Results

Pathological results

A total of 219 lesions were included in the study. One hundred fifty-one lesions were benign and 68 lesions were malignant. The detailed pathological results of included lesions are shown in Table 1.

Table 1
Table 1 Pathological results of included lesions
Full table

FFDM manifestations

Among the 219 lesions, 82 were in BI-RADS category 3, 104 were in category 4A, 29 were in category 4B, and 4 were in category 4C. The positive predictive values of FFDM for BI-RADS categories 3, 4A, 4B and 4C were 13.4% (11/82), 27.9% (29/104), 82.8% (24/29), and 100.0% (4/4), respectively. The differences between benign and malignant architectural distortion and/or asymmetric-density lesions were significant (P<0.05) (Table 2).

Table 2
Table 2 Mammographic manifestations of architectural distortion accompanied or not by asymmetric density and the enhancement characteristics of the benign and malignant lesions on DCE-MRI
Full table

MRI manifestations

According to MRI-BI-RADS, 59 out of the 219 lesions were in categories 1–2, 87 were in category 3, 39 were in category 4, and 34 were in category 5. Their positive predictive values of MRI for these categories were 0.0% (0/59), 2.3% (2/87), 89.7% (35/39), and 100.0% (34/34), respectively. Among the 151 benign lesions, the MRI-enhanced morphological manifestations were as follows: seven lesions showed no enhancement, 76 lesions showed mass-like enhancement, and 42 lesions showed non-mass-like enhancement. Among the 68 malignant lesions, 44 lesions showed mass-like enhancement, and 24 lesions showed non-mass-like enhancement. The differences in the MRI enhancement types and time-intensity curve (TIC) types were significantly different between patients with benign and malignant lesions (P<0.05). The differences in internal enhancement characteristics, enhancement morphology, and enhancement edges of the MRI mass-like enhancement between the benign and malignant lesions were significant (P<0.05) (Table 3). The MRI non-mass-like enhancement had significantly different distribution characteristics and internal enhancement features between benign and malignant lesions (Table 4). The malignant lesions on DWI showed a high signal of diffusion limitation, and the ADC values of benign and malignant lesions were (1.72±0.29)×10−3 mm2/s and (1.02±0.31)×10−3 mm2/s, respectively (P<0.05). Among patients with pathologically confirmed breast cancer, the classification of the mammography of 41 malignant lesions was raised to 4 to 5 after MRI (typical images shown in Figure 1). Among the patients with pathologically confirmed benign lesions, the categories of 79 lesions in mammography BI-RADS category 4 were reduced to categories 2–3 after MRI examination (representative examples shown in Figure 2).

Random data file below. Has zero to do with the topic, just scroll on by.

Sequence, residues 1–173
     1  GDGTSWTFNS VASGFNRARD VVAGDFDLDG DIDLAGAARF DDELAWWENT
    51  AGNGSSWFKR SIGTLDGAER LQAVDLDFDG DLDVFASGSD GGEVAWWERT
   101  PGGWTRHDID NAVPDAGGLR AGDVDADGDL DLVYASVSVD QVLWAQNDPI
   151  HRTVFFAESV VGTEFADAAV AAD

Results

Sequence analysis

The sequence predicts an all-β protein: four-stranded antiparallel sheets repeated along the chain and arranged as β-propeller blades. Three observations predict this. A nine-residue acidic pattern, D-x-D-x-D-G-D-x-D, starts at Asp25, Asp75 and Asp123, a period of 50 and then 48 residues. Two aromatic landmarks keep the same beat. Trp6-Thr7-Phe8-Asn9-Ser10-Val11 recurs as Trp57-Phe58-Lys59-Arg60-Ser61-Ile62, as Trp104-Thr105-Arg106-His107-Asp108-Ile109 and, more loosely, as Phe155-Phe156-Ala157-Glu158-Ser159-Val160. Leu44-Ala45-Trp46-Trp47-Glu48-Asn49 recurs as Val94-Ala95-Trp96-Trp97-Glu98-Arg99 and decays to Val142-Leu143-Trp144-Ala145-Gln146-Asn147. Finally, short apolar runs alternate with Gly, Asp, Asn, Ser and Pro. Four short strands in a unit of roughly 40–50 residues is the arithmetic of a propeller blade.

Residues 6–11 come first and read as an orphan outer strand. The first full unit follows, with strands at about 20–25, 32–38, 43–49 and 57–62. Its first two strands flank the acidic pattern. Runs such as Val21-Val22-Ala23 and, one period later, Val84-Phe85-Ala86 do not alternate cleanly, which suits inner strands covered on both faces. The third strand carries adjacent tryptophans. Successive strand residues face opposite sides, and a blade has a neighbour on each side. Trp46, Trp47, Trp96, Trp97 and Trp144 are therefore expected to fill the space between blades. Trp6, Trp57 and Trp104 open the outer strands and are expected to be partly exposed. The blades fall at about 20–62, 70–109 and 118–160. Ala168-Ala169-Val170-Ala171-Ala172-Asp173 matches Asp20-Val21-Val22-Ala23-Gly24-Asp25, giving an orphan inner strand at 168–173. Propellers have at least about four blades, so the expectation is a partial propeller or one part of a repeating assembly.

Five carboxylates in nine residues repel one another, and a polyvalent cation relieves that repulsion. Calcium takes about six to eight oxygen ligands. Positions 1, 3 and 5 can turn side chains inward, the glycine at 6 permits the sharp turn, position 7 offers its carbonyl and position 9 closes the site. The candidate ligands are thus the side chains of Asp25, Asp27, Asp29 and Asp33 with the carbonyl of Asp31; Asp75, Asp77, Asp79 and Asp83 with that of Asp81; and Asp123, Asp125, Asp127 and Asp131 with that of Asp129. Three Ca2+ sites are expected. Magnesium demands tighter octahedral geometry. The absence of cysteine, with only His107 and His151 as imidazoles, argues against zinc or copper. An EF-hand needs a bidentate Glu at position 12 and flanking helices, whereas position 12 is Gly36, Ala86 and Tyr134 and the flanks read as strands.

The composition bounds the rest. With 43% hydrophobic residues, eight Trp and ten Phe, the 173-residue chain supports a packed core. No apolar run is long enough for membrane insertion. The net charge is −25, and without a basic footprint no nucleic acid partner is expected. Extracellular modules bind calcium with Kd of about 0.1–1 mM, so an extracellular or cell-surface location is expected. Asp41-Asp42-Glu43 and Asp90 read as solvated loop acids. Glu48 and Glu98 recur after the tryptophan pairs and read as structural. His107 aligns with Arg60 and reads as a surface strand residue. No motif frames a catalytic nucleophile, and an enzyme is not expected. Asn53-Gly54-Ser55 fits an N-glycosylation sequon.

Table 3
Table 3 The DCE-MRI characteristics of benign and malignant lesions with local architectural distortion that were manifested as mass-like enhancements
Full table
Table 4
Table 4 The DCE-MRI characteristics of benign and malignant lesions with local architectural distortion that were manifested as non-mass-like enhancements
Full table
Figure 1 A 34-year-old female patient with right breast invasive ductal carcinoma. (A) Craniocaudal view of the FFDM with an architectural distortion in the inner upper region of the right breast that was in BI-RADS category 3 by mammography (arrow); (B) MRI diffuse axial view with a nodular DWI high-signal-intensity opacity in the inner upper region of the right breast (arrow); (C) MRI diffuse axial view, with the lesion ADC showing a significantly low signal (arrow); (D) significant enhancement of the lesion, with the TIC curve being flat. FFDM, full-field digital mammography; BI-RADS, breast imaging reporting and data system; TIC, time-intensity curve.
Figure 2 A 46-year-old female patient with left breast adenosis. (A) Craniocaudal view of the FFDM with an architectural distortion in the slightly lower region of the left breast that was in BI-RADS category 3 (arrow); (B) on the MRI diffuse axial view, DWI showed a slightly highly striped signal (arrow); (C) on the MRI enhanced oblique sagittal view, the lesion was enhanced in a patch and belonged to BI-RADS category 3 (arrow). FFDM, full-field digital mammography; BI-RADS, breast imaging reporting and data system.

Diagnostic efficiency

The BI-RADS classification results of the local architectural distortion by FFDM, FFDM + DCE-MRI, and FFDM + DCE-MRI + ADC are shown in Table 5 and Figure 3. Statistical analysis showed that the AUC of FFDM in differentiating benign vs. malignant breast lesions was 0.647 [95% confidence interval (CI): 0.556–0.719], and the diagnostic sensitivity, specificity, and Youden index were 86.3%, 41.7%, and 0.280, respectively. The AUC of FFDM + DCE-MRI in differentiating benign vs. malignant lesions was 0.851 (95% CI: 0.793–0.913), and the diagnostic sensitivity, specificity, and Youden index were 89.2%, 80.7%, and 0.699, respectively. The AUC of FFDM + DCE-MRI + ADC in differentiating benign vs. malignant lesions was 0.983 (95% CI: 0.956–0.999), and the diagnostic sensitivity, specificity, and Youden index were 98.1%, 97.5%, and 0.956, respectively.

Table 5